stations A5 and A6; scale is 15 cm.
6NJournal of Cave and Karst Studies, April 2014
in the cave (Fig. 3). These mites are relatively common on
the beetles, and are typically parasitic at these stages. This
animal may be a new species of Pimeliaphilus (Barry
OConnor, pers. comm).
Order: Araneae
Family: Filistatidae?
Kukulcania sp.?
A single large, blackish spider was found in the apron of
its web on the north side of a large boulder in the middle of
the main trunk passage of the cave at survey station A5. The
spider eluded capture, but is believed to be Kukulcania sp.
Family: Plectreuridae
Kibramoa suprenans Chamberlin
The population of this spider at Bat Cave is pale in color
and may represent a troglophilic population (Darrell Ubick,
pers. comm). No troglophilic plectreurid spider population
has been previously recorded (Ribera and Juberthie, 1994).
This spider is the only large invertebrate predator in the cave-
invertebrate food web here. The primary food of the older,
larger spiders is the tenebrionid beetle Eschatomoxys pholeter.
Below their webs an accumulation of the beetle bodies is
often evident (Fig. 4). The spiders are abundant wherever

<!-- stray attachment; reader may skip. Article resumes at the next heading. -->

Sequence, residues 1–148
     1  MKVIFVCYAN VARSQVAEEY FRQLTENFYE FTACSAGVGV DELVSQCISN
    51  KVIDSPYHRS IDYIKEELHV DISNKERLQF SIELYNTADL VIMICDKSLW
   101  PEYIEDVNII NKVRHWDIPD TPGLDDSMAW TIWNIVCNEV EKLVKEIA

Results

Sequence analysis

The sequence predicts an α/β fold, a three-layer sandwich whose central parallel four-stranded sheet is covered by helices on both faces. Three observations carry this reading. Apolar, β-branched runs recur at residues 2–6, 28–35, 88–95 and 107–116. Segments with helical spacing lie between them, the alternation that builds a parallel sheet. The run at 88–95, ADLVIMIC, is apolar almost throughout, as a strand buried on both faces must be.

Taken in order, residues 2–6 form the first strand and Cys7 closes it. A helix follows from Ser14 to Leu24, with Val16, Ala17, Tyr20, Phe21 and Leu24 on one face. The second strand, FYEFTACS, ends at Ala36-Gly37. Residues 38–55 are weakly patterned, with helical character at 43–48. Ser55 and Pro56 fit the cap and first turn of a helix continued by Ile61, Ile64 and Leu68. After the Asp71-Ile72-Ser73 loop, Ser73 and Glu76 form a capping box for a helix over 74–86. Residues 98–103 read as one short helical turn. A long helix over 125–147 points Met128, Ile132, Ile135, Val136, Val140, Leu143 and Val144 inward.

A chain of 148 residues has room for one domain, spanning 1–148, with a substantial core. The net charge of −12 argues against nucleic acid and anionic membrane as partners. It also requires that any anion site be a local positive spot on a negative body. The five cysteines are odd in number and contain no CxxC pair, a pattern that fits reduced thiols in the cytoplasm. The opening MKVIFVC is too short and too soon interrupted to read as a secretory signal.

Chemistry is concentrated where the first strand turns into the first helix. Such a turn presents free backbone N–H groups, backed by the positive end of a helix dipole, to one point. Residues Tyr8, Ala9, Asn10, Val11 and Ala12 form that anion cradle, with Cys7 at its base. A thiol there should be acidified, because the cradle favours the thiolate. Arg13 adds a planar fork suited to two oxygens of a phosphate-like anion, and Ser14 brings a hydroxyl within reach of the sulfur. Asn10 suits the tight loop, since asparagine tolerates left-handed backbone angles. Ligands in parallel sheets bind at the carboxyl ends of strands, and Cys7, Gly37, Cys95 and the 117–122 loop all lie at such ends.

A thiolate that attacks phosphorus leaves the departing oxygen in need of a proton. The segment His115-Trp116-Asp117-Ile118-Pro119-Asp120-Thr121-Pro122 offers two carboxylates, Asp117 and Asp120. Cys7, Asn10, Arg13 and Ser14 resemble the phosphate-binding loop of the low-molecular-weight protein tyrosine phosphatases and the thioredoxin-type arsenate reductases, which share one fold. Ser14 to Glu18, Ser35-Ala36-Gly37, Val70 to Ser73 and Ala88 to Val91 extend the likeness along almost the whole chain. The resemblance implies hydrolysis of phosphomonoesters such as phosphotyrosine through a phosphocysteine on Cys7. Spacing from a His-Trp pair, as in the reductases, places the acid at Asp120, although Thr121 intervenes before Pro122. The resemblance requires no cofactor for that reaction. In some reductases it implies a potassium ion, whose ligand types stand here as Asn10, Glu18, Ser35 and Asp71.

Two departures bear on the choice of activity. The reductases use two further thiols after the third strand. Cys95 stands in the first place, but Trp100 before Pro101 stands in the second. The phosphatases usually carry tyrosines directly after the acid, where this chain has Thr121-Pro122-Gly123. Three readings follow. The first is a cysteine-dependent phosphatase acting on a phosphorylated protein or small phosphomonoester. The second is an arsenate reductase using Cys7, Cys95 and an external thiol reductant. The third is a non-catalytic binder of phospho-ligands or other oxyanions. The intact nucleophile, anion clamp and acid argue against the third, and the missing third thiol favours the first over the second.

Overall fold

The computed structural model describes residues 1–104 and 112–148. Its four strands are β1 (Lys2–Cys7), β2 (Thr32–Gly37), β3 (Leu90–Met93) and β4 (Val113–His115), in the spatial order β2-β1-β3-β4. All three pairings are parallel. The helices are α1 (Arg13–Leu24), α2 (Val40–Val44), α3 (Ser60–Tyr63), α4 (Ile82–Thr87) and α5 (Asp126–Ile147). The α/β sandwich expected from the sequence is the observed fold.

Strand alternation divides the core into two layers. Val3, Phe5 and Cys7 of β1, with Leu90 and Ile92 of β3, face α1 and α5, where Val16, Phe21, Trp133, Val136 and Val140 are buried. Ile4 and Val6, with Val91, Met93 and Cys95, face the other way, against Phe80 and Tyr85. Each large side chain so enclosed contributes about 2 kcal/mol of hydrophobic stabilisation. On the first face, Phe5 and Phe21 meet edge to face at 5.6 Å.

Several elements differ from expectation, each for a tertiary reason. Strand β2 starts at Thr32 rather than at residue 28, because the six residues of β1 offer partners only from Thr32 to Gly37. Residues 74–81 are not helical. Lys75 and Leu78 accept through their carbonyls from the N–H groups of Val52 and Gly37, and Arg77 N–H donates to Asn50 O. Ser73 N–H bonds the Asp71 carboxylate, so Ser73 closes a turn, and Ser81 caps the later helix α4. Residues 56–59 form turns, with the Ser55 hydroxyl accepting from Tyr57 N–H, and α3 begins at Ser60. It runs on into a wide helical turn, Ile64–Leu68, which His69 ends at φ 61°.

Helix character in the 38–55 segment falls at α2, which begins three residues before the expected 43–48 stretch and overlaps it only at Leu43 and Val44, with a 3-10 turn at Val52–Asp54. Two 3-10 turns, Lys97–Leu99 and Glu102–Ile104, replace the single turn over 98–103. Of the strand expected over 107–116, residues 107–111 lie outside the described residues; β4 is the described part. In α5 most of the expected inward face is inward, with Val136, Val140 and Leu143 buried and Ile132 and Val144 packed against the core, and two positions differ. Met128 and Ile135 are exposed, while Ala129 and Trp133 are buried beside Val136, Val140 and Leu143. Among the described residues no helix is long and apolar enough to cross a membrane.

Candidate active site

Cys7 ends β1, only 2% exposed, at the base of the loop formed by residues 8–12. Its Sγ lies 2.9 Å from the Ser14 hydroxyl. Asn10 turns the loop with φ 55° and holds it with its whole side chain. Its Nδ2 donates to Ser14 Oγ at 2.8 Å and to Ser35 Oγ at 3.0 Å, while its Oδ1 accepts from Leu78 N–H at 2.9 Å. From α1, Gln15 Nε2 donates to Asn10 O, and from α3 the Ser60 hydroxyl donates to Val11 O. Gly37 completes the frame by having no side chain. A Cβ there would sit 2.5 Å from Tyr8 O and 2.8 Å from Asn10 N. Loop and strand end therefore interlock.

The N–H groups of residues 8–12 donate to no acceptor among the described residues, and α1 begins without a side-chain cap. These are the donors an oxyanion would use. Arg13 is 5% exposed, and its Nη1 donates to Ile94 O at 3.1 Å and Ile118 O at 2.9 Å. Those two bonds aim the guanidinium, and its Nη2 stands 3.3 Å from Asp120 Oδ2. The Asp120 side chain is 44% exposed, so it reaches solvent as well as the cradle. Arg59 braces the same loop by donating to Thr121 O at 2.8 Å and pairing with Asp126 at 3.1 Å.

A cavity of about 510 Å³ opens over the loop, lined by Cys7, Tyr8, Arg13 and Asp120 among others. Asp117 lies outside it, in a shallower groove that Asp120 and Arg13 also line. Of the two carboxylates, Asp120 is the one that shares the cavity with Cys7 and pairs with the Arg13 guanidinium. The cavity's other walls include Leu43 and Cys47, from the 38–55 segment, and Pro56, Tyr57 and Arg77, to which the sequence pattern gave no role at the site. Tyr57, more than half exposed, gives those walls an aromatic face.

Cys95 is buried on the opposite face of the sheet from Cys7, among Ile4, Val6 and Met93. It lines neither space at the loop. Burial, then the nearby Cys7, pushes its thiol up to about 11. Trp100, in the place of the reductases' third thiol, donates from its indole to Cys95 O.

there is support for their webs. They build their webs along
the base of the cave walls, among rock piles, and in and under
the walkway and machinery left from the guano-mining
operation. Some recesses in the walls of the cave are
festooned with old webs containing their ecdysed skins, old
egg cases, and carcasses of E. pholeter (Fig. 5). A close-up
view of an individual abandoned web is shown in Fig. 6.
The juvenile spiders spin their webs across small
depressions on the cave walls or in recesses or depressions
in the guano deposits on the floor of the cave. The latter
generally occur at the edge of the active guano deposition
areas where they are proximal to smaller invertebrates
present on the surface of the guano. Interestingly, this
species has not been recorded in other caves in the park.
Family: Sicariidae
Loxosceles sp.
There are several troglophilic and a few troglobitic
species in this genus that occur in the tropics (Ribera and
Juberthie, 1994). This species exhibits no obvious morpho-
logical modifications that would indicate that it is adapted
for living in a cave environment, and it is probably an
epigean form. This may be the same species recorded from
Thunder Cave by Peck (1980) and from Roaring Springs